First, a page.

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What did Chicago Bulls center Robin Lopez have to say during his exit interviews? I can’t really tell, it’s all a bunch of white noise. All I see is him holding his giant, shaggy dog named Muppet while speaking to reporters.

I can’t get over it, really. Why hasn’t someone thought of this before?

Lopez is the perfect candidate to do this if you think about it, given his propensity to be a little off-kilter.

Via Twitter:

Lopez was mostly talking about taking away positives from a weird Bulls season in which they struggled all year until miraculously making the 8-seed before challenging top-ranked Boston in round 1.

Clippers, Jazz prepare for Game 7 in Los Angeles

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LOS ANGELES  (AP) – Los Angeles Clippers guard Chris Paul was adamant the sun would not set on Paul Pierce‘s NBA run in Salt Lake City on Friday night.

“I looked over at ‘Truth’ during one of (those) timeouts and I said ‘You’re not ending your career in Utah,’ ” said Paul, referring to Pierce’s popular nickname. “We told him that. We just said we want to keep this thing going for him. Paul was big tonight. Like the 3 he hit over there on the wing, and stuff like that. Just his energy and his voice in those different timeouts I think was huge for us.”

With a crucial 98-93 victory over the Utah Jazz in Game 6, the Clippers will attempt to extend the career of the 39-year-old Pierce, who is retiring at season’s end, and capture the series Sunday in Game 7 at Staples Center.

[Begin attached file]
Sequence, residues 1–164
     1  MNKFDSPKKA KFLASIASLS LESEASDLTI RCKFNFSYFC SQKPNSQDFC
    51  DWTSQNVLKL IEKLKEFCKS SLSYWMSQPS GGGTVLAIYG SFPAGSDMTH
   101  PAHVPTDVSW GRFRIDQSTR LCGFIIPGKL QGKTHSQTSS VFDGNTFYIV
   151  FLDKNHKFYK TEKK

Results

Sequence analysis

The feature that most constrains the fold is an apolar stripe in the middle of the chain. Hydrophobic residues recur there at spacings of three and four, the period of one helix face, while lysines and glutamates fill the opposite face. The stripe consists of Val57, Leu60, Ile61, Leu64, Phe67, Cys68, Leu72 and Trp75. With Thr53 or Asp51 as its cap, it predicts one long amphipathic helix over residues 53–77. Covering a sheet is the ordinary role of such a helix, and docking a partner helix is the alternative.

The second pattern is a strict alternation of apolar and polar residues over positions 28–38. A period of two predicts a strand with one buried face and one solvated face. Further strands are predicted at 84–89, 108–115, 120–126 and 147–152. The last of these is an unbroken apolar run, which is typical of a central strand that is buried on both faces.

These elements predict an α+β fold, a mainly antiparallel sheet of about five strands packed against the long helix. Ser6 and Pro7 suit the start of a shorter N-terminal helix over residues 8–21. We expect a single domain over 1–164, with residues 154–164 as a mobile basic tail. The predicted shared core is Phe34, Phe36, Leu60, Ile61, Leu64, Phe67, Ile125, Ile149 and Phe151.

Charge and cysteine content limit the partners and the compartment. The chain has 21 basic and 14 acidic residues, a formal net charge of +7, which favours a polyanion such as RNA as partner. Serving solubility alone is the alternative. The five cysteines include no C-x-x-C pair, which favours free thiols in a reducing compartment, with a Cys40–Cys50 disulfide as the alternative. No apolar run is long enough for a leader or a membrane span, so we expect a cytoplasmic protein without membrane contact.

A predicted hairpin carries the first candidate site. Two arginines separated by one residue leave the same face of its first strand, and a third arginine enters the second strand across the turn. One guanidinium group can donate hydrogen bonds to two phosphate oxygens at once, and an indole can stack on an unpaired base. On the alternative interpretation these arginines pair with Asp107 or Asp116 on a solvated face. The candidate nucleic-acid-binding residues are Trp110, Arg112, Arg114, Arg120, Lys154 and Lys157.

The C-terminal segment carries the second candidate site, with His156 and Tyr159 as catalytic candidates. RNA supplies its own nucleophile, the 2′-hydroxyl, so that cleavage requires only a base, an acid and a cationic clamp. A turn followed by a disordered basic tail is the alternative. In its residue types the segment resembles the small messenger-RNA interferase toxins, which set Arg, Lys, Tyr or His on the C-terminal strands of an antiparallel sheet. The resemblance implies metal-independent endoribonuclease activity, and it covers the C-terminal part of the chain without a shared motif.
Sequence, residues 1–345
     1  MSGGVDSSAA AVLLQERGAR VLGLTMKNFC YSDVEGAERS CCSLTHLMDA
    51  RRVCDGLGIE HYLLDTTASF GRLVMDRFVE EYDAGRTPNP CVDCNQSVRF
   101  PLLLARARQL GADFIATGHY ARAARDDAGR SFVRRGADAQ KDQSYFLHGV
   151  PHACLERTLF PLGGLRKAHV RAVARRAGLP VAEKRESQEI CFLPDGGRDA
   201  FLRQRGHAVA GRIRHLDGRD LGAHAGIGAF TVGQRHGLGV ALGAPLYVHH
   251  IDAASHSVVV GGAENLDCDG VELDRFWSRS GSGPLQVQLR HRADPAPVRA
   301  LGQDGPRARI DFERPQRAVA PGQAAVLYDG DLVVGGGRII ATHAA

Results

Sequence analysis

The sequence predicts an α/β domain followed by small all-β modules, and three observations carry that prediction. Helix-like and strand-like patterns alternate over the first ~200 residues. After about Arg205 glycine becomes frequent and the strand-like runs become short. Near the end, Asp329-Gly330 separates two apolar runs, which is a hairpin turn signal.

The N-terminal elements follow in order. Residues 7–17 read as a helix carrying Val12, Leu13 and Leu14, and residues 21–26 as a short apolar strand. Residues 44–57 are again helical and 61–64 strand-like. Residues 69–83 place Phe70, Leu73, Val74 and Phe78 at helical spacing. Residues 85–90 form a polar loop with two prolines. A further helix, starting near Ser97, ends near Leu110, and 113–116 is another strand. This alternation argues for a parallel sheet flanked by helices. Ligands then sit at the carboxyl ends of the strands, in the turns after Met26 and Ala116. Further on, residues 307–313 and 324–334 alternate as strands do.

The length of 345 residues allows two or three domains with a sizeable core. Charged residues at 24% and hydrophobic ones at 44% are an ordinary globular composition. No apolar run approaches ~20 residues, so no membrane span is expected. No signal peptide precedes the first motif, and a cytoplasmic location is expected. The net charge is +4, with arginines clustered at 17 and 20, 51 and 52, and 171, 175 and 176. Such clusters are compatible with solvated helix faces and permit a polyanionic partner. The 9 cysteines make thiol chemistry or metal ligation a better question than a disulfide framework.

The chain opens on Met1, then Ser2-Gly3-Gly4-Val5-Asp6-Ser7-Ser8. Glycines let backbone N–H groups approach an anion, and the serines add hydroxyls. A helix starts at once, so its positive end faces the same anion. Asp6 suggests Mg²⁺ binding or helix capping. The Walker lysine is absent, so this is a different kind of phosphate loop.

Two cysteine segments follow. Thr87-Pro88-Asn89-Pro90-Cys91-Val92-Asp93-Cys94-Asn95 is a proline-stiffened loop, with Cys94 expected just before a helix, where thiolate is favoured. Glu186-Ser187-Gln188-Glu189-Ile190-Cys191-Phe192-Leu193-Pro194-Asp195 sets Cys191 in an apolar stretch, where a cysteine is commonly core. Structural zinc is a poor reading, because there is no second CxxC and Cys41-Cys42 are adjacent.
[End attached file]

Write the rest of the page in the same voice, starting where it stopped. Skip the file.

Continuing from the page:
The winner advances to the second round to meet the Golden State Warriors in a best-of-seven affair beginning Tuesday at Oracle Arena in Oakland, Calif.

Paul, whose two late free throws sealed the win against the Jazz, led the charge by scoring 29 points, dishing eight assists and allowing the Clippers to avoid elimination in the opening round for the second straight season. The Portland Trail Blazers bounced them last season in six games, aided by injuries to Paul and Blake Griffin.

And as Paul loathes to hear, the point guard has never guided a team past the second round.

“This is what we talked about before (Game 6),” said Paul, who has become the Clippers’ main force offensively with Griffin out of the playoffs again, this time with an injury to his big toe. “Doc (Rivers) said to go out there and give yourself a chance. We knew we couldn’t win both games (Friday), and we wanted to give ourselves a chance.”

Utah will have another opportunity to end Pierce’s career on Sunday despite missing a chance on its home court. After the Jazz won Game 5 on Tuesday at Staples, All-Star forward Gordon Hayward made it clear he didn’t want to return for a Game 7.

Hayward, though, is humming a different tune now.

“We’ve come a long way from where we were three years ago,” Hayward told the Salt Lake Tribune. “If you had told me at the beginning of the year you’d be in a Game 7 against the Clippers in L.A., I’d have been like, ‘Bring it on.’ ”

The Jazz will be forced to bring their best with center Rudy Gobert hobbling again. Gobert, who sustained a hyperextended left knee in Game 1 that kept him out of the lineup for two games, sprained his ankle in the second half of Game 6 and was forced to the bench because of it during critical stretches.

Gobert said the ankle wouldn’t hinder him Sunday.

“I sprained it on somebody’s foot,” said Gobert, who finished with 15 points, nine boards and three blocks, according to the Tribune. “I tried to run through it, but that didn’t work out. I’ve had a lot of sprained ankles before. I will be good.”

PBT Extra: Can Toronto threaten Cleveland, LeBron James in second round?

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There are a few reasons to think the Toronto Raptors can push and maybe even upset the Cleveland Cavaliers in their second round playoff series that starts Monday. For one, they went six games last playoffs and this is a deeper, more versatile Raptors team with Serge Ibaka as the power forward/center, P.J. Tucker coming off the bench, and the emergence of guys like Norman Powell. The Raptors have a great backcourt in Kyle Lowry and DeMar DeRozan. And, the Cavaliers were not a focused or good defensive team in the first round.

On the other side of the ledger, the Cavaliers have LeBron James.

I break down this series in the latest PBT Extra.